Charlotte Bonaparte, a Lady of Great Wit
The restless and hard life of Princess Charlotte, Napoleon’s niece.
Lover of the arts, the centre of intellectual salons of her day and an artist herself, salonnière and femme artiste, Charlotte was the daughter of Napoleon’s elder brother Joseph. During the Restoration, she expressed an open and cosmopolitan culture supported by a network of exchanges and relations with personalities from the world of arts and culture.
The Napoleonic Museum in Rome preserves one of the most important albums of Charlotte, which contains drawings, watercolours, engravings, as well as works of her husband Louis Napoleon and of the many artists she met in France, Italy (in Rome and in Florence) and during her many trips abroad in Germany, Belgium, England and the United States.
These albums are the core of the exhibition “Charlotte Bonaparte dama di molto spirito. La romantica vita di una principessa artista” (Charlotte Bonaparte, lady of great wit. The romantic life of a princess artist) currently being held at the Napoleonic Museum from 5th February to 18th April 2010 and promoted by the Municipality of Rome, Department of Cultural Policy and Communication, the Superintendence of Cultural Heritage of the City of Rome. The exhibition is the fruit of collaboration between the Napoleonic Museum in Rome, the Museo Nazionale delle Residenze Napoleoniche dell’Elba and the Musée National des Châteaux de Malmaison et Bois-Preau, where the exhibition will be held afterwards. Also on display are works by masters such as David, Stapleaux, Benvenuti, Pinelli, Cromek, Gherardi, Jesi, Robert, Bartolini, and Tenerani. The curators of the exhibition are Giulia Gorgone and Maria Elisa Tittoni, who are also the editors of the catalogue published by Sillabe.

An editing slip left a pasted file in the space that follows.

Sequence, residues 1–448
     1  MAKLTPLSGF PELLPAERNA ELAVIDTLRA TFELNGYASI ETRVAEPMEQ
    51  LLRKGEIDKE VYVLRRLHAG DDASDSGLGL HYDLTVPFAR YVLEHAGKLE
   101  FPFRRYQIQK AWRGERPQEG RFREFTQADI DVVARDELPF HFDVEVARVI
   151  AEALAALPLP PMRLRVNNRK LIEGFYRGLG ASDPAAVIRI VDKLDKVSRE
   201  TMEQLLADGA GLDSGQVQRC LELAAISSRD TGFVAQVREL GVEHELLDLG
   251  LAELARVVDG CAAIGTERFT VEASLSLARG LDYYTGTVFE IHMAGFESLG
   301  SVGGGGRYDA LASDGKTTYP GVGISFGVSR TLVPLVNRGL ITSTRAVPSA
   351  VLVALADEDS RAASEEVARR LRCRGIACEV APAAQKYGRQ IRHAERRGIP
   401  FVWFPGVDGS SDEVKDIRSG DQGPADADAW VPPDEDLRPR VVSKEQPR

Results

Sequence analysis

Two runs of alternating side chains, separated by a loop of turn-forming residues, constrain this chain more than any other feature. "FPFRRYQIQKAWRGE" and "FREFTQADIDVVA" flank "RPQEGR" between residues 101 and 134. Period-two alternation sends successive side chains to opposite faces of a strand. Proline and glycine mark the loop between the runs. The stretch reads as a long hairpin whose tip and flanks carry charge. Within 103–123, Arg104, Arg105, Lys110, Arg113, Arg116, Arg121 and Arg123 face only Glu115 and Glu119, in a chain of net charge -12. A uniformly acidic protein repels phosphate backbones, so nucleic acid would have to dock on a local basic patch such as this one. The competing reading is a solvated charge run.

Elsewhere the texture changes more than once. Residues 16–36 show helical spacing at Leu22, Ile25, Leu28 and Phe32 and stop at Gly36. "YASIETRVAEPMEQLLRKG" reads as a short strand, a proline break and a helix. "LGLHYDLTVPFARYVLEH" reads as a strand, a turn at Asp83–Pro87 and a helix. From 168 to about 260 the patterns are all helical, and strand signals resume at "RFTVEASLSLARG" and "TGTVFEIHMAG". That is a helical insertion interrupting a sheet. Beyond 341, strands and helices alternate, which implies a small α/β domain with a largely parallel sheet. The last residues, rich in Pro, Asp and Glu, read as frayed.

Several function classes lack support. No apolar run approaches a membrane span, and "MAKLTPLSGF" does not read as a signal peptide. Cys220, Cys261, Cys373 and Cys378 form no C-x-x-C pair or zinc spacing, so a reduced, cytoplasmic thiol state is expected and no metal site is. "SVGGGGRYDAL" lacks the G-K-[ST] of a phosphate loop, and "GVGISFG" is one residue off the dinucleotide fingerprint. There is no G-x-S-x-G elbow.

The exhibition is arranged in chronological order, going through the different stages of her restless, troubled and short life. From Charlotte’s childhood – together with her older sister Zenaïde amidst court obligations and desires for a quiet life – evoked by Charlotte’s drawings and her official portraits by Wicar and Lefèvre, to the years of exile in Frankfurt and Brussels, key moments in Charlotte’s development as an artist: in the Belgian capital, as a matter of fact, she studied drawing with David, who portrayed her and Zenaïde at the time. As she went to the United States to join her father, who was in exile in Philadelphia, Charlotte attended the local Academy of Fine Arts. On her return to Italy she spent her time between Rome and Florence and in 1833 she went to London in 1833 to take part in a family reunion organised by her father. These latter years were particularly important for her artistic development, given the presence in her albums of work by popular Italian and other artists.
The exhibition dedicated to Charlotte Bonaparte (1802-1839) reveals a portrait of an intelligent and cultivated woman, whose gentle and sensitive nature is still largely unknown. A princess who played an important role in Bonaparte family during the difficult years of exile, she was aware of her imperial descent, but she loved also the company of intellectuals and artists who enriched her cultural and human background.
Tuesday-Sunday from 9.00 a.m. to 7.00 p.m.
Last admission 1/2 hour before closing time
Extended to May 30, 2010
Adults € 5,50
Reduced € 4,00
Free entrance and concessions